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Drug Discovery

When chemists envision novel products, they undoubtedly have a target in mind. A vast knowledge of chemistry allow them to examine the binding sites on the  intended target molecule.  Back at the bench, they combines basic ingredients, and by trial and error, a novel drug is created.  Of course, the careful chemist has an end game and that is a testing system for the new compound.

The new drug has to be relatively non-toxic at an effective dose. Organic synthesis can take years of work with many dead ends.  High throughput computer systems may reduce the discovery tasks and even identify potential compounds and targets. Bioreactors are used in the laboratory to grow organisms that produce a desired product. Biosynthesis is a multi-step, enzyme-catalyzed process where substrates are converted into more complex products in living organisms.

Sixty five years ago an inventive group of Belgium scientists fed a newly made drug to chickens and found it active against ascarids. The drug was also active against sheep ascarids, but it was inactive in the species infecting rats or mice.  They collected the chicken feces and separated out the drug metabolites that were passed in the manure.  Amazingly, the manure contained a new molecule active against another chicken parasite as well as parasites found in sheep.  This new molecule was active against those ascaris species infecting in rats and mice!  Further testing revealed activity against gastrointestinal and lung parasites found in cattle, pigs, horses, pigeons, pheasants, ducks, cats, tiers, monkeys and man! This experiment was great for discovery but is significant food for thought.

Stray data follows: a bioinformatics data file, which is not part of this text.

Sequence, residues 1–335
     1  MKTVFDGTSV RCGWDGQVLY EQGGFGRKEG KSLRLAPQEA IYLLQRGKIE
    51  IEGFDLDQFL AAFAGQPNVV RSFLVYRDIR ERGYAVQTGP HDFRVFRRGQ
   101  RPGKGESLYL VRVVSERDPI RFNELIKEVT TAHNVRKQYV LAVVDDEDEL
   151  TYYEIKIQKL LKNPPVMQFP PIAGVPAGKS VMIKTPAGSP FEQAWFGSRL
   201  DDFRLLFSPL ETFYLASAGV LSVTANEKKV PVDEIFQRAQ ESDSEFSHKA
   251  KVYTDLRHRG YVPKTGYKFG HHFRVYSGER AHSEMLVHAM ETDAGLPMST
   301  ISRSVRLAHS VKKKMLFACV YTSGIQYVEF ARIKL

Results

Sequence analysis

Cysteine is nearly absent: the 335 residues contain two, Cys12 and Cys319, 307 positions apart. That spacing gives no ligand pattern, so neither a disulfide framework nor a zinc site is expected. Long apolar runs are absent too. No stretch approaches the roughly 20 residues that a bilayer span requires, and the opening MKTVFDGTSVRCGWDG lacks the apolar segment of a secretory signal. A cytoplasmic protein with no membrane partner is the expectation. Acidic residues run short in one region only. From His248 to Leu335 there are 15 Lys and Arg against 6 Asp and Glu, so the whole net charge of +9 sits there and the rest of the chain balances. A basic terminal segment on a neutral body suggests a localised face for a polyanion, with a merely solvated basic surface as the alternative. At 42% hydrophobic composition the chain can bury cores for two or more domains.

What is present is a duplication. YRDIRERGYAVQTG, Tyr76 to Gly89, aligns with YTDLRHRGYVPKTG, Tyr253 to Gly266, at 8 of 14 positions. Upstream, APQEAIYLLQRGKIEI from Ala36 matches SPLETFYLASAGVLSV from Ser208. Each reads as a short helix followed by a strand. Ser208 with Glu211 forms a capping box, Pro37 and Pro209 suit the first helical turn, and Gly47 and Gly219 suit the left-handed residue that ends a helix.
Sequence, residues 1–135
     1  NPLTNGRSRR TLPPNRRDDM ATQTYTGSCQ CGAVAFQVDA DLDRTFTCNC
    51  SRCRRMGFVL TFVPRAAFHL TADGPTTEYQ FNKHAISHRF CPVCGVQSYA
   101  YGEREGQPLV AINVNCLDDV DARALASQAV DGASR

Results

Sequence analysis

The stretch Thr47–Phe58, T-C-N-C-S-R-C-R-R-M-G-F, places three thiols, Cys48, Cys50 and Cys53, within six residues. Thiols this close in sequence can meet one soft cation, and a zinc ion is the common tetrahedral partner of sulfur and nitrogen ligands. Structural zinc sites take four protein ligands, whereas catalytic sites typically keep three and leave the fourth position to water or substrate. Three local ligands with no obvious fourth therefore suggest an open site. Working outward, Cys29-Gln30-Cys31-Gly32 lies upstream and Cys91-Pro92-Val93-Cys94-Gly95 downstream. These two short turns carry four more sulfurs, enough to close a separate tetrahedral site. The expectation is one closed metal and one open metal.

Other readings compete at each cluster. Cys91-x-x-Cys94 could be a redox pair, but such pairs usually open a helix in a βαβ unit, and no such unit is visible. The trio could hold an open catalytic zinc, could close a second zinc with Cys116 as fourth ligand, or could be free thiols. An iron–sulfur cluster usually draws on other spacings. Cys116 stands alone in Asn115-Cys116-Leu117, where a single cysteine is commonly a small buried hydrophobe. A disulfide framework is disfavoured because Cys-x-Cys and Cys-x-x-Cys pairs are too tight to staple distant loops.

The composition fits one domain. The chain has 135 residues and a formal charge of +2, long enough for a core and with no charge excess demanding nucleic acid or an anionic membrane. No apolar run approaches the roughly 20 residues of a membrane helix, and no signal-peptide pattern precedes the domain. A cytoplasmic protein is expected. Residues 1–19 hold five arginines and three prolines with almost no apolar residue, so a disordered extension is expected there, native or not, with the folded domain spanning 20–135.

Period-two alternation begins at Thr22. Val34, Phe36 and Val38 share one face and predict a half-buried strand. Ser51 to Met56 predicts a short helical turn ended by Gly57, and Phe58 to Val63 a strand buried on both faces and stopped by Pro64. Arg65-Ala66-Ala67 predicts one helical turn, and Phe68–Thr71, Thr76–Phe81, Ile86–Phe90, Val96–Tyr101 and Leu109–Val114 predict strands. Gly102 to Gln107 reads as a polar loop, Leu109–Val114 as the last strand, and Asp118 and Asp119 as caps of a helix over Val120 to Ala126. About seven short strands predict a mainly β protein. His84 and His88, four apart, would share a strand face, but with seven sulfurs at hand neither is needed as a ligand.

It is worth considering that the drugs that are given to horses can build up in pastures and water.  Many drugs are eliminated through the feces. Unintended contamination of the environment is a serious concern and one important reason not to chronically treat animals with unnecessary medications.  Not only are you medicating pasture mates at ineffective low doses or new compounds, you are treating the wildlife. Soil organisms, insects, small mammals, and pasture mates are all exposed. What effect do these metabolized drugs have on the environment? You can check the Freedom of Information Summary for the levels of compounds that are excreted and the types of laboratory experiments that were conducted to determine environmental safety.  However, if several animals are treated over long periods of time the unintended consequences can be significant.